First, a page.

Friday, 8 March 2019

Does ‘Consciousness’ Exist?

Today I read William James’s 1904 essay, “Does ‘Consciousness’ Exist?” In the early part of his essay, he declares that consciousness “is the name of a nonentity… a mere echo, the faint rumor left behind by the disappearing ‘soul’ upon the air of philosophy." Here’s an excerpt in which James is making the point that consciousness is not a substance:
There is… no aboriginal stuff or quality of being, contrasted with that of which material objects are made, out of which our thoughts of them are made; but there is a function in experience which thoughts perform, and for the performance of which this quality of being is invoked. That function is knowing…if we start with the supposition that there is only one primal stuff or material in the world, a stuff of which everything is composed, and if we call that stuff ’pure experience,’ then knowing can easily be explained as a particular sort of relation towards one another into which portions of pure experience may enter. The relation itself is a part of pure experience; one of its 'terms' becomes the subject or bearer of the knowledge, the knower, the other becomes the object known.
He ends his essay by associating consciousness with the act of breathing:
Let the case be what it may in others, I am as confident as I am of anything that, in myself, the stream of thinking (which I recognize emphatically as a phenomenon) is only a careless name for what, when scrutinized, reveals itself to consist chiefly of the stream of my breathing. The 'I think' which Kant said must be able to accompany all my objects, is the 'I breath' which actually does accompany them. There are other internal facts besides breathing (intracephalic muscular adjustments, etc., of which I have said a word in my larger Psychology), and these increase the assets of 'consciousness,' so far as the latter is subject to immediate perception; but breath, which was ever the original of 'spirit,' breath moving outwards, between the glottis and the nostrils, is, I am persuaded, the essence out of which philosophers have constructed the entity known to them as consciousness. That entity is fictitious, while thoughts in the concrete are fully real. But thoughts in the concrete are made of the same stuff as things are.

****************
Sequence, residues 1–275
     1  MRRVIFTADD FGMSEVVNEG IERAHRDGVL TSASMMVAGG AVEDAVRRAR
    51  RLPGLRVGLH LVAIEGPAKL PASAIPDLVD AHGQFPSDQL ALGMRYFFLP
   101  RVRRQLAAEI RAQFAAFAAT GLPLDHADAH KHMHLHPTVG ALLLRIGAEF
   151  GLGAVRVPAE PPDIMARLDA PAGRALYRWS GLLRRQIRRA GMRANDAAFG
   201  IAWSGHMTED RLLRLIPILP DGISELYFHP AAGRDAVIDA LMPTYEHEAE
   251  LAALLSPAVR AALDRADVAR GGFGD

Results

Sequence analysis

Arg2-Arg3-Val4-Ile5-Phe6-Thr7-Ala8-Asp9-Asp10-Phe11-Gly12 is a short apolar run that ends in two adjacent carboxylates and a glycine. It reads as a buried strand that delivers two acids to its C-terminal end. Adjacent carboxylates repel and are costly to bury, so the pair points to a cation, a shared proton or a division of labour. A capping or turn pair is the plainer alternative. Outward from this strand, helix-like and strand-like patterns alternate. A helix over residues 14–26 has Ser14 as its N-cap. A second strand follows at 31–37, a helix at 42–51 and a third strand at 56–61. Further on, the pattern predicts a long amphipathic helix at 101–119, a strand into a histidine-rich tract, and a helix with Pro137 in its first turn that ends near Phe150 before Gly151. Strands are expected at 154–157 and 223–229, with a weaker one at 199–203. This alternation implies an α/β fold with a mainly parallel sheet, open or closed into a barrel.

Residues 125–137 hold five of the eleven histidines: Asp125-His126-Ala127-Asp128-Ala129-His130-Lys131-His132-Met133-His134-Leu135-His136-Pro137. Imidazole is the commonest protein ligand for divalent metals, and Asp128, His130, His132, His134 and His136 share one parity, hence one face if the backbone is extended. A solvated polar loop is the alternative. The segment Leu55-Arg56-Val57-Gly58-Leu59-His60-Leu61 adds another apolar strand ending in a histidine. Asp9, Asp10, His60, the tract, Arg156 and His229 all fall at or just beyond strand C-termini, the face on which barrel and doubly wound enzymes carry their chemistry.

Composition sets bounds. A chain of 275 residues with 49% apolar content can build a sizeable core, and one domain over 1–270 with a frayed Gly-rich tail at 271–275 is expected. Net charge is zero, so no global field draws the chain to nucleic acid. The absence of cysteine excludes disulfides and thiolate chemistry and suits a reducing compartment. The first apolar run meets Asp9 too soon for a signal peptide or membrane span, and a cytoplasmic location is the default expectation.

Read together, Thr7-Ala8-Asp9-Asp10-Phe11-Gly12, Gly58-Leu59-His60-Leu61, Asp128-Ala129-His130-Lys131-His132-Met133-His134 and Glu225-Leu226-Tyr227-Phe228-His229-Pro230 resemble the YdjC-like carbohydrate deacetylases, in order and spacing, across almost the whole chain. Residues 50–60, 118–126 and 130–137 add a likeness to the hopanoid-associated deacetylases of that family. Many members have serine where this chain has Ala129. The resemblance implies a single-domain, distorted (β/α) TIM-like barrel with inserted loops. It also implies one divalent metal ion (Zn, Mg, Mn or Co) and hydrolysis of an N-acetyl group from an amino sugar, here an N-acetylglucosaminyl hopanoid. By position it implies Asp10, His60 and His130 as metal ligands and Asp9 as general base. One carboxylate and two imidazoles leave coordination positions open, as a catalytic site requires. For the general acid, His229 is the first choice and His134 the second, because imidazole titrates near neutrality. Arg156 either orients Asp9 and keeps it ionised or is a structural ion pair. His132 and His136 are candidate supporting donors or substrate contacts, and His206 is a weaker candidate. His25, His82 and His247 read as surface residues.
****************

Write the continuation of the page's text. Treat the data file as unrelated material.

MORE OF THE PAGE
I don’t think James has given much of an explanation of what consciousness is in his 16-page essay, but this is a complicated subject—more than a century after his essay the psychologists and philosophers are still grappling with the subject of consciousness.


Unknown said...

James was essentially correct. There *is* an entity involved in thinking, the brain - and there is a stuff involved in thinking, the gray matter (neurons) of the brain. The analogy to the lungs is apt. There is an entity involved in breathing, the lungs - and there is a stuff involved in breathing, the tissues and cells of the lungs and bronchial tubes (as well as the diaphragm, the nasal passages, etc.). But there is no additional entity lurking in the brain - no soul, no mind, etc. - that causes it to think, any more than there is an additional entity lurking in the lungs that causes it to breathe.

Anoop Verma said...

Roger, That is a good point. In fact, I liked this article by James. He offers several wise perspectives and ends his essay on a very non-dogmatic note, which shows that he understands the complications of the subject.